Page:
Yes, we are a headphone store, but we believe a review shouldn't be called a review if it's primary purpose is to sell a product.
We want to publish the most well-written, balanced and informative reviews in the industry and our goal is to provide you with the information you need to experience the best possible sound. Even if you end up buying from somewhere else.
So, Headphones.com doesn’t write reviews. The reviews on our site come from The HEADPHONE Community forum’s Community Preview Program. Our reviews are sent straight from community members to an independent editor to avoid bias.
Ian Dunmore (@torq) is our independent Managing Editor. In order to avoid potential conflict, Ian has chosen not to be compensated for his role. Ian is passionate about the headphone community and makes sure the published reviews are of exceptional quality.
All reviews are sent directly to Ian and posted on Headphones.com without editorial input from Headphones.com staff. As a result, you will see negative reviews of products we sell and positive reviews of products we don't.
Taron & Andrew Lissimore
The Beyerdynamic Tesla T1 Look, feel, and sound world class! Whoa!!! Stop the presses! Here's a late entry in the race from Beyerdynamic to be a "World's Best Headphone:" The T1. Even though we haven't had time to measure it yet (I will soon, and will post results) there's no doubt that this new headphone is not only the best that Beyer has ever produced, but that it firmly finds a position in the small family of headphones that are truly world class. The "T" in T1 stands for Nikola Tesla. Any geek worth his salt will be familiar with Tesla as the prolific genius now credited with the invention of the radio, brushless AC motors, radar, x-ray and very high voltage generators, and all manner of electronic devices including some he thought were picking up signals from extraterrestrials on Venus. Famous, and very popularly known as a "mad scientist," he both revolutionized alternating current (AC) power distribution in the USA and was a vice-president of the precursor to the IEEE, and he was the founding member of the "tin foil hat" brigade building antennae to energize the earth at 8Hz and designing anti-gravity machines. Personally, he's a hero
"The annular driver magnet delivers a 1 Tesla field at the voice coil. How is that relevant to headphones? Well, Tesla also has a scientific unit of measure named after him: The Tesla, a measure of magnetic flux density. Beyerdynamic claims to have achieved a record-breaking 1.2 Tesla of field density from its permanent magnet at the voice coil of the driver in the new T1 headphone. Quite an interesting accomplishment. For reference: 1 Tesla = 10,000 Gauss A particle passing through a magnetic field of 1 Tesla at 1 meter per second carrying a charge of 1-coulomb experiences a force of 1 newton To put that into perspective,
- The Earth's magnetic field at the surface is about 0.00005 Tesla.
- A typical small bar magnet is about 0.01 Tesla.
- One of the new small but strong Neodymium magnets you could get at a hardware store is about 0.2 Tesla.
- An MRI scanner magnet is about 1.5 Tesla.
- A strong laboratory magnet might be 10 Tesla.
- The surface of a neutron star is about 100,000,000 Tesla.
The advantage of a stronger permanent magnet in a headphone driver assembly is that (all else being equal) you can use fewer voice coil windings for the same motive force, and with fewer coil windings you can lighten the coil/diaphragm and it will accelerate and change direction faster. In other words, with a stronger magnet, you can make a more responsive driver. This can also be expressed in terms of driver efficiency, and Beyer claims the new T1 driver is about twice as efficient as similar driver elements in headphones today.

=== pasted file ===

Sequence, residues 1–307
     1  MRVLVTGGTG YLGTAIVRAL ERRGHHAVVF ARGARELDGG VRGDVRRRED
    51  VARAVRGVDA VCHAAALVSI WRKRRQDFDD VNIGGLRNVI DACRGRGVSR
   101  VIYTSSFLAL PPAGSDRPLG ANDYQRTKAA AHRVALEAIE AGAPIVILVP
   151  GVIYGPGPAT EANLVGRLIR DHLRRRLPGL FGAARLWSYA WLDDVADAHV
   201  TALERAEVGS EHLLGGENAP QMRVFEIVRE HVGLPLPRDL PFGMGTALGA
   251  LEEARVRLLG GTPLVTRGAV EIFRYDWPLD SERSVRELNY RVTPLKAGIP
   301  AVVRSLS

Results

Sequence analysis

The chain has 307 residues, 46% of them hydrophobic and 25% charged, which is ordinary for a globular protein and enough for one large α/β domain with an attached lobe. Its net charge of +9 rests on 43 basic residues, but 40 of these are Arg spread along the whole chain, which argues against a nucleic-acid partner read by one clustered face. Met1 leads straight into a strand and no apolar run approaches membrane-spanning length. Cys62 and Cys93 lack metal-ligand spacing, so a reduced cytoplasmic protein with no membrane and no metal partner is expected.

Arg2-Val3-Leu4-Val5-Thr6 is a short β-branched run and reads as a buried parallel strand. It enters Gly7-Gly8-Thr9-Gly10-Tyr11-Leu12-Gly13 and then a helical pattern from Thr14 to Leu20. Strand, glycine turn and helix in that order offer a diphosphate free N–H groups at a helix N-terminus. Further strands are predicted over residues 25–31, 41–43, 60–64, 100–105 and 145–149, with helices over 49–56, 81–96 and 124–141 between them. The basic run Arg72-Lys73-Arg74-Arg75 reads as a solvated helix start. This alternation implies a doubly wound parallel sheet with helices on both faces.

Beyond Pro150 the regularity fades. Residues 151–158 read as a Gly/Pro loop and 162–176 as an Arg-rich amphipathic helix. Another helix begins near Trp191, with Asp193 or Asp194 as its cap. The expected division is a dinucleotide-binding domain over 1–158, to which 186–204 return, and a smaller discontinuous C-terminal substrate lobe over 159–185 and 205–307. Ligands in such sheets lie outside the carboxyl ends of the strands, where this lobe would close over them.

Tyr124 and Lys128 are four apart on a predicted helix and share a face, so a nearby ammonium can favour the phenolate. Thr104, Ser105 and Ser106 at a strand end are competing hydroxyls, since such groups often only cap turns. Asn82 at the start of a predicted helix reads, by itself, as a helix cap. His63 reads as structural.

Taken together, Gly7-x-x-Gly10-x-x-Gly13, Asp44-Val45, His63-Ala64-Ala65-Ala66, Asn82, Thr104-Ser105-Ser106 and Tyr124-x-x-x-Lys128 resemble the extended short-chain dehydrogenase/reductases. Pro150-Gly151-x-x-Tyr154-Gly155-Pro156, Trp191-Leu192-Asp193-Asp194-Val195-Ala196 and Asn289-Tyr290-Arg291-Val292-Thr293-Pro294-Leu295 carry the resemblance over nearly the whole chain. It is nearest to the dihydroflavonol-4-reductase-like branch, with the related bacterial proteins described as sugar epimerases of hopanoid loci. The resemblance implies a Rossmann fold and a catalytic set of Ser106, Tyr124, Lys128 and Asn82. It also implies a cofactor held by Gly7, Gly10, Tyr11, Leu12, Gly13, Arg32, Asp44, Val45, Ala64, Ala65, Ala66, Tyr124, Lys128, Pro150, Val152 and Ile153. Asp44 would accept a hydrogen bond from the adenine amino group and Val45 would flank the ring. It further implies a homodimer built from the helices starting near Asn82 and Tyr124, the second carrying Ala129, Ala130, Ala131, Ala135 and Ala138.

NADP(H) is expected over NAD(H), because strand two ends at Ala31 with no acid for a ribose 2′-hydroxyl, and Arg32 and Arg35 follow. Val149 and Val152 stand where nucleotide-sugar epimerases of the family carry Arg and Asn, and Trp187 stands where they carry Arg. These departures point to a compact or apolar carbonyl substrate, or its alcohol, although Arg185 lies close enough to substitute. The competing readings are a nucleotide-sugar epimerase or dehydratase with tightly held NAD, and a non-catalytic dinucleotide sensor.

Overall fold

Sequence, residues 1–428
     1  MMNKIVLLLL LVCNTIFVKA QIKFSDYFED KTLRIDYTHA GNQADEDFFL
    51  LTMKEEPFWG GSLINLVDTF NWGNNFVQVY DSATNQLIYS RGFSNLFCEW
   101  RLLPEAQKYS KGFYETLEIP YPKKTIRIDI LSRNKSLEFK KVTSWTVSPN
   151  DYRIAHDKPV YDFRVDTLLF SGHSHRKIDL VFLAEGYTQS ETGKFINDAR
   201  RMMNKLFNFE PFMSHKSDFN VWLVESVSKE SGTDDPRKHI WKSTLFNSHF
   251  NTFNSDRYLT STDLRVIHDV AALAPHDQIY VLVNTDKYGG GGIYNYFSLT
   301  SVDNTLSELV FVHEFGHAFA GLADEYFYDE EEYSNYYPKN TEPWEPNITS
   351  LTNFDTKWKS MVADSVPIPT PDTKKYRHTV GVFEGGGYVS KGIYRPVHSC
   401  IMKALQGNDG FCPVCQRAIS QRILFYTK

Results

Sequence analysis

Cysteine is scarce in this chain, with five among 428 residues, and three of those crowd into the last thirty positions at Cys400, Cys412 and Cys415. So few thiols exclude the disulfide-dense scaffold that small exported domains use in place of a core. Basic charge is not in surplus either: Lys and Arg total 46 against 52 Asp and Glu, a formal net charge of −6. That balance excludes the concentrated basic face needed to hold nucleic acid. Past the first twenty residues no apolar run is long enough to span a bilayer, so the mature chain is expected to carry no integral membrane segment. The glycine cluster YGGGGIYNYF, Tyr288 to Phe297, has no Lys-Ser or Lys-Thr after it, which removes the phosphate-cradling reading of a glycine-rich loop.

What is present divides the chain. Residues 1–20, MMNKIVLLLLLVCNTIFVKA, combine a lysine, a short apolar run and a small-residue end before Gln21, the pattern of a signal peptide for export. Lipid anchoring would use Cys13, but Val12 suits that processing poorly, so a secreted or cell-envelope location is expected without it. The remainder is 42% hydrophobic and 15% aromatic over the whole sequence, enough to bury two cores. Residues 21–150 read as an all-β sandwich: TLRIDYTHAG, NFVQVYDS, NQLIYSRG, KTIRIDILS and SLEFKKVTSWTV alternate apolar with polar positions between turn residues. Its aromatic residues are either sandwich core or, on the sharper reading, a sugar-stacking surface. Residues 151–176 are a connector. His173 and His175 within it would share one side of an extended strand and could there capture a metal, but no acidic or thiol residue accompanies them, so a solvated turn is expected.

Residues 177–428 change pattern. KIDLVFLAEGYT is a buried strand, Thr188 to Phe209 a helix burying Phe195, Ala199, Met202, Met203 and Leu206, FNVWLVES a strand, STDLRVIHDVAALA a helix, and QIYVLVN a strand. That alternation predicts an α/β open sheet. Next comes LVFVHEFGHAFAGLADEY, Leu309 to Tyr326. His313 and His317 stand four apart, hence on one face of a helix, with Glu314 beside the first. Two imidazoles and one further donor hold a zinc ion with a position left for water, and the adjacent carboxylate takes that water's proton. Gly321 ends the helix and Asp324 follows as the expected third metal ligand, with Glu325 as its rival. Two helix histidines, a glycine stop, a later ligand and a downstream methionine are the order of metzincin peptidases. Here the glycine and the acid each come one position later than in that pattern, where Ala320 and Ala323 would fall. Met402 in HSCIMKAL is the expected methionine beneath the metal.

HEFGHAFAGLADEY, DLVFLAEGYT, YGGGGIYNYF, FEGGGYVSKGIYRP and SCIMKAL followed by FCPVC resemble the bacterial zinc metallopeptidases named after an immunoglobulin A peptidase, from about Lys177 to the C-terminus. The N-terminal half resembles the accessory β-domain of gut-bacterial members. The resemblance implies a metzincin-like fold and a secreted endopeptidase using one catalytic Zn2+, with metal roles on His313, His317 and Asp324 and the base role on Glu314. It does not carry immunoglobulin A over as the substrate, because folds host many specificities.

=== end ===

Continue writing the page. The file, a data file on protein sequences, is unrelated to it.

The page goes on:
The T1 driver is off-center in front of the ear and tilted back to propagate sound toward the ear. Though not spelled out in detail, a Beyer press release indicates that the magnet configuration around the voice coil is different than found traditionally in headphones. The magnet apparently occupies more space to the sides, leaving a large hole directly behind the center of the driver (can be seen at the middle of the driver in the photos), which permits a design with less acoustic resonance problems behind the driver. (I wonder if they used a Halbach array?) Beyer didn't stop with the magnet and voice coil either. Like Sennheiser with the "Doufol" drivers, and AKG with their "Varimotion" driver, Beyer has also developed and very light, stiff, two-layer diaphragm material that they claim does an excellent job of damping cone break-up, and contributes to the lightweight and therefore rapid acceleration of the driver. (More about dual layer driver diaphragms in the HD650 article.) The T1 is also a 600 Ohm headphone, so while it is very efficient, it will still take a significant voltage swing to drive it --- it's just that the current required will be significantly lower than usual. This is not a headphone, due to the higher voltage required, that will achieve solid listening levels with your iPod or other digital audio players--- an amp is pretty much required if you're going to use it portably. However, because it is very efficient and not a particularly hard load to drive, it will sound pretty good on just about anything that has enough voltage to drive it. Beyer has also jumped onto the angled driver bandwagon with the T1. Many manufacturers have placed the driver element of the headphone forward of the ear canal and angled back toward the ear in an effort to more closely mimic the way natural sound waves from speakers approach your ears. These efforts have had mixed success: minor improvements can be heard in the Sennheiser HD 595 and Ultrasone brand headphones; really stunning improvements in audio imaging can be heard in the AKG K100, Stax Sigma Pro, and most recently in the spectacular imaging of the Sennheiser HD 800. I find the T1 provides very good imaging, easily better than most, but not nearly as good as the amazing imaging of the HD 800. The outward appearance and construction of the T1 is well executed, sharing a very similar outward look to the DT770, DT880, and DT990 family from which it came. This is a full-size, open back, circumaural (around the ear) headphone with perfectly round and moderately roomy earcups. Soft and comfy velour earpads encircle your ears, and a real leather headband deftly secures the cans over the top of your head. The aluminum bails hold each earpiece, and detents click firmly for precise adjustment of the cans on your head. An acoustically transparent and very finely woven stainless steel mesh covers the outer side of each earpiece, and the headphones are nicely finished in a handsome pewter and dark gray anodize and paint color scheme. Now the good part: How do they sound? I've already mentioned that the T1 has superb imaging, bested only in currently produced dynamic headphones by the Sennheiser HD 800, but while it falls short in the imaging department, the T1 meets or exceeds HD 800 performance (depending on taste, primarily) in a number of areas. The high frequencies response of the T1 out of the box is a bit laid back and unremarkable, but once broken in for about 100 hours they really open up with a sense of ease and coherence I've rarely experienced. Surely all that work on the driver has paid off in spades here. Grain-free, liquid highs are neither too forward or too recessed. The highs on this headphone are spot on, to very slightly laid back. While the bass of the HD800 seems more natural sounding with better extension and control, the T1 seems to offer more punch and visceral intimacy. If you're at all a fan of a thumpin' bass, and/or listen to lots of contemporary electronic music (as opposed to acoustic ensembles) you will likely prefer the bouncier impact of the T1. Just to be sure I don't mislead here: the T1 is not a bass heavy headphone, but it is well fleshed out and warmer sounding than the HD 800. Possibly due to the support of the liquid highs and solid bass, the midrange of the T1 is simply stunning. While the HD 800 delivers a sense of the space in and around the vocals, the T1s deliver a sense of body and heft behind the vocals; well controlled, without a hint of hollow, honky, or nasal tones. I think Skylab said it very well in this Head-Fi post: " For someone who finds the HD800 just a touch too analytical, I think the T1 will be a good choice, as it will be for someone who thinks the HD800 could use a little more punch in the bass. For someone who values detail retrieval overall, or that thinks soundstaging is the most important performance criteria for a headphone, the HD800 is the better choice." All-in-all, the T1 is a world class headphone. Beyerdynamic has outdone themselves, and I'm completely blown away. It used to be that Beyer was the number three entry in a two horse race between AKG and Sennheiser. At this point, I think AKG has got some catching up to do, and I'm hoping Sony and a few others join the fray , 'cuz this latest generation of highly engineered, technologically sophisticated headphones appearing of late is delivering seriously good listening. So, call me a mad scientist too, I highly recommend the Beyerdynamic Tesla T1. On-line professional reviews are non-existent as these headphones are brand new at this writing. Fortunately, the best ears in the business are the headphone geeks at Head-Fi, and quite a few have now reported their experience with the T1 in this thread. However, since it's well over 100 pages long now, I recommend Currawong's " Beyer T1 impressions and pictures list." as an index for your further investigation. Please visit HeadRoom’s website to purchase your Beyerdynamic Tesla T1 with our Best Price Guarantee.